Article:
Visualizing Mathematical Ideas With Technologies (page 2)
Because of the abstractness of mathematics, visualization is an important strategy in helping learners understand mathematical concepts. Such visualization tools are not always computer mediated. For example, Cotter (2000) showed that using Asian forms of visualization (e.g., abacus, tally sticks, and place cards) advanced understanding of place value, addition, and subtraction. Mathematics educators have promoted the use of manipulatives and similar visual comparative devices for many years. Snir (1995) argues that computers can make a unique contribution to the clarification and correction of commonly held misconceptions of phenomena by visualizing those ideas. For instance, the computer can be used to form a representation for the phenomenon in which all the relational and mathematical wave equations are embedded within the program code and reflected on the screen by the use of graphics and visuals. This makes the computer an efficient tool to clarify scientific understanding of waves. By using computer graphics, one can shift attention back and forth from the local to the global properties of the phenomenon and train the mind to integrate the two aspects into one coherent picture (Snir, 1995).
Visualization tools have been developed primarily for mathematics and the sciences. Mathematics is an abstract field of study. Understanding equations in algebra, trigonometry, calculus, and virtually all other fields of math is aided by seeing their plots. Understanding the dynamics of mathematics is aided by being able to manipulate formulas and equations and observe the effects of that manipulation. Programs such as Mathematica (http://www.wolfram.com/products/ mathematica/index.html), MathLab (http://www.mathworks.com/), Statistical Analysis System, and Statistical Package for the Social Sciences are often used to visually represent mathematical relationships in problems so that learners can see the effects of any problem manipulation. Being able to interrelate numeric and symbolic representations with their graphical output helps learners understand mathematics more conceptually. Those tools, because of their power and complexity, are seldom used with K–12 students. Most of the research on these tools has been conducted in universities.
Visualizing Formulas With Graphing Calculators (by Fran Arbaugh)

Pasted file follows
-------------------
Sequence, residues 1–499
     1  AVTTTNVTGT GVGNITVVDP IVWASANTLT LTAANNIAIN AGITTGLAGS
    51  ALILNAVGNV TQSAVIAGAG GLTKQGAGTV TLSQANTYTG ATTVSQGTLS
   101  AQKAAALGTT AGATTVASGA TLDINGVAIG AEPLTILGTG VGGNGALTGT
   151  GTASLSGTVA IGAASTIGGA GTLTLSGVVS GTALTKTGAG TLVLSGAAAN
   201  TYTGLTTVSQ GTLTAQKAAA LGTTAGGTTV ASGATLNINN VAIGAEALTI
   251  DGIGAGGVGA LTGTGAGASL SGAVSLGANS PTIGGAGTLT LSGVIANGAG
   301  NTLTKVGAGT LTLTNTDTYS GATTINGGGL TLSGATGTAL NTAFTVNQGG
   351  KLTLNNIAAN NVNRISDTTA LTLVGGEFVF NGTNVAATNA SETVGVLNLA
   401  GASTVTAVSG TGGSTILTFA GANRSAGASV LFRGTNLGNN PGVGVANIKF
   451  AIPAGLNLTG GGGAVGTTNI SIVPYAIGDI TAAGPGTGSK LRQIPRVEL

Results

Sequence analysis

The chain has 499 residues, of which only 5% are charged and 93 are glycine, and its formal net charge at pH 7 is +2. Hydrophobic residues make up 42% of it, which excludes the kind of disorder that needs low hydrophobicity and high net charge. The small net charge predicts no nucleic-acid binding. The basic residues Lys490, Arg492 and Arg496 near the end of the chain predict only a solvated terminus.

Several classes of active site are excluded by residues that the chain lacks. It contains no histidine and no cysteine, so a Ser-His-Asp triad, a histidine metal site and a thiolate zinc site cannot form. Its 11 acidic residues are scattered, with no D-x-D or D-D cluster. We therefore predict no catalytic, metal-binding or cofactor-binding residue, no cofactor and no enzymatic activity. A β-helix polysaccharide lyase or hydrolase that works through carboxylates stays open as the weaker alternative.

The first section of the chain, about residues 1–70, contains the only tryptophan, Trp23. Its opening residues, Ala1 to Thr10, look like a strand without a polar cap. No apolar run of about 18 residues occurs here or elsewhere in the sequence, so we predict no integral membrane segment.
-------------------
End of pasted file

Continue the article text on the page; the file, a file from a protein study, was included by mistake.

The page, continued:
The National Council of Teachers of Mathematics (NCTM) recommends that mathematics instruction at all grades enable students to create and use representations to organize, record, and communicate mathematical ideas; select, apply, and translate among representations to solve problems; and use representations to model and interpret physical, social, and mathematical phenomena (NCTM, 2000, p. 360). Handheld graphing calculators (such as those made by Casio, Hewlett-Packard, and Texas Instruments) are portable tools that students can use in the classroom or at home to support their mathematical sense making.
Students often have difficulty distinguishing important features of functional relationships. For instance, to build understanding of linear relationships, students can use different representations, generated by the graphing calculator, to make connections between what is happening contextually, numerically, graphically, and symbolically for a particular mathematical relationship.
Students using a graphing calculator can easily move between the symbolic, graphical, and numeric representations of the two functions. They can trace along both functions to find (x, y) values graphically. They can then compare those values to the (x, y) pairs in the table. Students can find x and y intercepts on the graph and table and discuss how to manipulate the symbolic representation to find the same information.
Research indicates that the use of graphing calculators has a positive influence on students’ understanding of mathematics (Ruthven, 1990). In addition, Dunham and Dick (1994) report that students who use graphing calculators are more flexible problem solvers, are more persistent when faced with a new problem situation, and are highly engaged in the act of problem solving. As more and more mathematics textbooks incorporate the use of a graphing calculator in learning and teaching high school mathematics, more research needs to be conducted on the impact of this technology on student understanding.
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